Dexamethasone has been shown to suppress CCL2 production via mitogen-activated protein kinase phosphatase-1 (MAPK-P1)-dependent inhibition of Jun N-terminal kinase and p38 MAPK in activated rat microglia [43]. MAPK cascades are signal transduction pathways that play important regulatory roles in the biosynthesis of pro-inflammatory cytokines such as IL-6, IL-8, and CCL2 [83]. MAKP-P1, a member of the Map Kinase Phosphatase family, is essential for the dephosphorylation/deactivation of MAPK p38 and JNK, thereby limiting pro-inflammatory cytokine biosynthesis in innate immune cells exposed to microbial components or infectious agents [84]. MAPK such as p38 and JNK may be involved in the signaling mechanisms underlying both inflammation and apoptosis [83,85]. Earlier we had documented the role of p38 MAPK, Erk1, and Erk 2 in mediating the production of IL-6 and TNF, as well as apoptosis, in rhesus astrocytes as induced by lipoproteins of B. burgdorferi[86]. MAPK signaling pathways may indeed be involved in regulating both inflammation and apoptosis as induced by B. burgdorferi in human oligodendrocytes, as well as in the modulatory effect of dexamethasone that we observed.

Conclusions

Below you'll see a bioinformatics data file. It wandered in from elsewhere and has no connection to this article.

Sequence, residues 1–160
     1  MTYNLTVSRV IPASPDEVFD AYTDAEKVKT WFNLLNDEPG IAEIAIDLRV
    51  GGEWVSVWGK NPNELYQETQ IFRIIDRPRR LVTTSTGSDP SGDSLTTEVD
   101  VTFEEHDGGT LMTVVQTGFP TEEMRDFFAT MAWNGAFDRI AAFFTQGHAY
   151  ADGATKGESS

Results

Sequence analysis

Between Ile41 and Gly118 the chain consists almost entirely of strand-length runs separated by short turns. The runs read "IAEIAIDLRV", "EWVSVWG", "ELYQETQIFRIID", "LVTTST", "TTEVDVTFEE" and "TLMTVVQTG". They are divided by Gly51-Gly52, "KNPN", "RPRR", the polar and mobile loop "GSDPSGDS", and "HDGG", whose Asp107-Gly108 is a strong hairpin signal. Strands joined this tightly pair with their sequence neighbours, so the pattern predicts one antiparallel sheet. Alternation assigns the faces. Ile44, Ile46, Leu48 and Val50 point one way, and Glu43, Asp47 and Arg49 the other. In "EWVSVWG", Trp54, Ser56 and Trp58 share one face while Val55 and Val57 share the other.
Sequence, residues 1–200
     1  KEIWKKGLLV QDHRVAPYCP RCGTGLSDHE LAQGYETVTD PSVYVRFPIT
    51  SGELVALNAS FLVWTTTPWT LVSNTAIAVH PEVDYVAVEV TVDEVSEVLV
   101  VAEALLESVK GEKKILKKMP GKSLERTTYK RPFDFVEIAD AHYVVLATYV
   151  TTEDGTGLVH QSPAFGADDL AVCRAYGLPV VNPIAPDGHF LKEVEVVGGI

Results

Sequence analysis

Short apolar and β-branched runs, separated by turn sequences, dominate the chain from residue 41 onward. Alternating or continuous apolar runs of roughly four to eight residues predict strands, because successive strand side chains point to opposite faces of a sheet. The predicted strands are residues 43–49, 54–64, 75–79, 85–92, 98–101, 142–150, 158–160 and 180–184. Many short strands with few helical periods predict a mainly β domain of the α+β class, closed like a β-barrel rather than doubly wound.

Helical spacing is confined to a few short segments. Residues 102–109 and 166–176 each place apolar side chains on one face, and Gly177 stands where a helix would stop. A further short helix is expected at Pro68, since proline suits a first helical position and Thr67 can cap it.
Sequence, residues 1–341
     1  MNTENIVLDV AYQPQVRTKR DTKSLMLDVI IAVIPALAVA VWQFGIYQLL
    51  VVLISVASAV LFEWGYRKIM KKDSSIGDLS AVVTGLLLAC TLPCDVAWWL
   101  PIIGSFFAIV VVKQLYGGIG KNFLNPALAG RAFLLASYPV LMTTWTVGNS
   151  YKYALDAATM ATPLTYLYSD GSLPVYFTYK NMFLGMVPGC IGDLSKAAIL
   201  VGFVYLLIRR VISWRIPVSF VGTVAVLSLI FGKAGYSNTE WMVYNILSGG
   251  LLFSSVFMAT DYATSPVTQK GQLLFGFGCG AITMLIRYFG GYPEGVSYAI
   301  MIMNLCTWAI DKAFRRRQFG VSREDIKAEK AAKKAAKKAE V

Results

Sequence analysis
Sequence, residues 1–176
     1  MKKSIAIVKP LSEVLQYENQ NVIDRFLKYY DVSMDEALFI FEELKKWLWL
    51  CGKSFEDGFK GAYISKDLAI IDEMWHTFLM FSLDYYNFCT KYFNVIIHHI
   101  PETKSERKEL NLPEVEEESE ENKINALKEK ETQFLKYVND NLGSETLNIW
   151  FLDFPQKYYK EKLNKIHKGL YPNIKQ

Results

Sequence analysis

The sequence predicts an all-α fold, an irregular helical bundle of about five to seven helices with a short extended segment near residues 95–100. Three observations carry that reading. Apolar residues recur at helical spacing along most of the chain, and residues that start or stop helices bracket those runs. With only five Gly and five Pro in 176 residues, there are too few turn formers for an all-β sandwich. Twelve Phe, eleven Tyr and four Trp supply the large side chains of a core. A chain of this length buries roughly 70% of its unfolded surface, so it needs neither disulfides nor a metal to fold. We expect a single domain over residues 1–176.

In this study we have established that live B. burgdorferi are capable of eliciting inflammatory mediators, particularly IL-6, IL-8, and CCL2, in addition to inducing apoptosis in human oligodendrocyte cultures in vitro, by activating caspase-3. Oligodendrocytes are the myelinating cells of the CNS that myelinate neuronal axons, providing saltatory conduction of action potentials and proper function of the CNS [87]. The role of oligodendrocyte death in MS is well established [88]. Some of the earliest pathological changes in inflammatory lesions seen in MS are increases in oligodendrocyte apoptosis [89,90]. Based on the observations of this study we propose that neurologic injury in the CNS during an infection with the Lyme disease spirochete B. burgdorferi could be mediated in part by the direct action of the spirochetes on oligodendrocytes or via inflammation mediated by B. burgdorferi in oligodendrocytes. As oligodendrocytes are vital for the survival and optimum function of neurons [91], oligodendrocyte damage could contribute to neuronal dysfunction and death and result in the impairment of CNS functions that are seen in patients with LNB.

Competing interests

The authors declare that they have no competing interests.

Authors’ contributions

GR participated in the design of the experiments, conducted cell culture experiments, multiplex ELISA data analysis, confocal microscopy, preparation and staining of samples for flow cytometry, and drafted the manuscript. SB helped in cell culture, immunofluorescence, and multiplex ELISA data analysis. BP performed the flow cytometry experiments. MP conceived of the study, contributed to the design of the experiments, and to drafting and editing the manuscript. All authors have read and approved the final version of the manuscript.

Acknowledgments

This project was supported by the National Institute of Neurologic Disorders and Stroke through grant number NS048952, and by the National Center for Research Resources and the Office of Research Infrastructure Programs (ORIP) of the National Institutes of Health through grant number OD011104-51. Robin Rodriguez is gratefully acknowledged for help with formatting the figures.